interstitial

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interstitial

[¦in·tər¦stish·əl]
(crystallography)
A crystal defect in which an atom occupies a position between the regular lattice positions of a crystal.
(science and technology)
Of, pertaining to, or situated in a space between two things.

Interstitial

Forming a narrow or small space between parts of other elements, or between floors in a structure.

interstitial

(World-Wide Web)
A World-Wide Web page that appears before the expected content page. Interstitials can be used for advertising (intermercial, transition ad) or to confirm that the user is old enough to view the requested page, etc..

interstitial

In a separate window. See interstitial ad.
References in periodicals archive ?
We do not think that he is free to legislate interstitially within the 'open texture' of imprecise rules.
Furthermore, as Jahan Ramazani emphasizes in one of the best essays in the Handbook, the bottom line is not just that modernist poetics turns to this entire panoply of discursive protocols but that, in so doing, it operates of necessity transnationally, topologically, and interstitially, completing its project both as a non-"totalist" whole and in its individual undertakings according to what Susan Stanford Friedman calls the "circulation model" (503).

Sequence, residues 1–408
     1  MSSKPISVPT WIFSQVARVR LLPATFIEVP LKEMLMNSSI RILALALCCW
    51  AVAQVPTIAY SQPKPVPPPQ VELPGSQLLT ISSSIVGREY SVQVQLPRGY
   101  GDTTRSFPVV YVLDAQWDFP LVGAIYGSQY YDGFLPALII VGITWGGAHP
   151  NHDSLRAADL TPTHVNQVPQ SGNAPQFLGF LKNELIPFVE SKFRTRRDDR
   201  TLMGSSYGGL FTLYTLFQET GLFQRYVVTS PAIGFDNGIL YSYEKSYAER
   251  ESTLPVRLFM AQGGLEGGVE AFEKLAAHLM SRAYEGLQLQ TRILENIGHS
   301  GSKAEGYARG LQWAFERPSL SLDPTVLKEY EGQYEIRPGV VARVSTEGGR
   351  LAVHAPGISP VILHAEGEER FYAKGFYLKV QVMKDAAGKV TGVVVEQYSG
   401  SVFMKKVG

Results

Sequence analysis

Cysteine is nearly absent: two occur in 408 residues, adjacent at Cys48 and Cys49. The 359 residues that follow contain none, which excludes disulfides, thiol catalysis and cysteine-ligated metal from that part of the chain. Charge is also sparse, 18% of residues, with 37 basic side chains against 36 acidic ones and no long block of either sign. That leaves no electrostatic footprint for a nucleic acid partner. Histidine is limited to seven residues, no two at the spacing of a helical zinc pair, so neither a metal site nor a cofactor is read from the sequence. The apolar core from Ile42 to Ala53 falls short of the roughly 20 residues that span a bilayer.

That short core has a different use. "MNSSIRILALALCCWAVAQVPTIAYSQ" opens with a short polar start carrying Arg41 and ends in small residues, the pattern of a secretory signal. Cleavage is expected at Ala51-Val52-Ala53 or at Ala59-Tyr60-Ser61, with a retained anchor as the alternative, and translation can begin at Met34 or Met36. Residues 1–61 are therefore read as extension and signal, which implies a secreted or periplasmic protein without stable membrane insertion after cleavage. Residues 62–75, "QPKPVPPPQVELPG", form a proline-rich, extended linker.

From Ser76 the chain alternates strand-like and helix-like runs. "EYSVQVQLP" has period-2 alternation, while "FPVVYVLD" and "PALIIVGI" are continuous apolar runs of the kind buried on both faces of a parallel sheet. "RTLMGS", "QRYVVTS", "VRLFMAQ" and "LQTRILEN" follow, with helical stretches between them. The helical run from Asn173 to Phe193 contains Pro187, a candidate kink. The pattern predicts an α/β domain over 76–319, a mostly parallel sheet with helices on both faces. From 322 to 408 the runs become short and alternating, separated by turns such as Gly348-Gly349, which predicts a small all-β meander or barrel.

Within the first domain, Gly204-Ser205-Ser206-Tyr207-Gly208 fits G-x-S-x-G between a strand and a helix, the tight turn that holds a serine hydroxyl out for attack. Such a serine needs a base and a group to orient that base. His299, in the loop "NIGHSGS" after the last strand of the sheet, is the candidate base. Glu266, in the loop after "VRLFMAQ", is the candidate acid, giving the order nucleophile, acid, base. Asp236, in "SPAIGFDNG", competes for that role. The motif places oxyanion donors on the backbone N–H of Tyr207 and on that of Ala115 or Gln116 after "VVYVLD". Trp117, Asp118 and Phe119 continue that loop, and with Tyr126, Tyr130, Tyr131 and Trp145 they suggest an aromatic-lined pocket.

5,6) Lymphoid follicles tend to extend interstitially between collagen bundles and into septa of the subcutis and often have many plasma cells at their peripheries.
pylori penetrates nonmetaplastic, metaplastic, and neoplastic gastric epithelium both intracellularly and interstitially.
In the course of deciding the case before him he may, on occasion, develop the common law in the perceived interests of justice, though as a general rule he does this 'only interstitially,' [that is, by filling in gaps] to use the expression of O W Holmes] in Southern Pacific Co v Jensen (1917) 244 US 205, 221.
Interstitially, the plurality of qimmiit takes shape as a missing membership, one that does not form fighting lines against so much as what Deleuze and Guattari term "lines of flight" away from lives that in quantity and quality became diminished by permanent settlement.
The analysis using Ag-NOR technique showed only a single mark, interstitially located in the short arms of the second M pair, in all metaphases (Figure 1, box).
and explanatory comments that appear interstitially among the new code
In examining this issue, the Court contrasted the "Blackstonian view" with that of the positivist John Austin, who "maintained that judges do in fact do something more than discover law; they make it interstitially by filling in with judicial interpretation [the terms of the law] that alone are but the empty crevices of the law.
forum court's law interstitially as a matter of judicial
The en bane coordinator was the rules interpreter particularly when the rules did not seem to cover a particular situation; there he had to fill in gaps and thus ruled interstitially.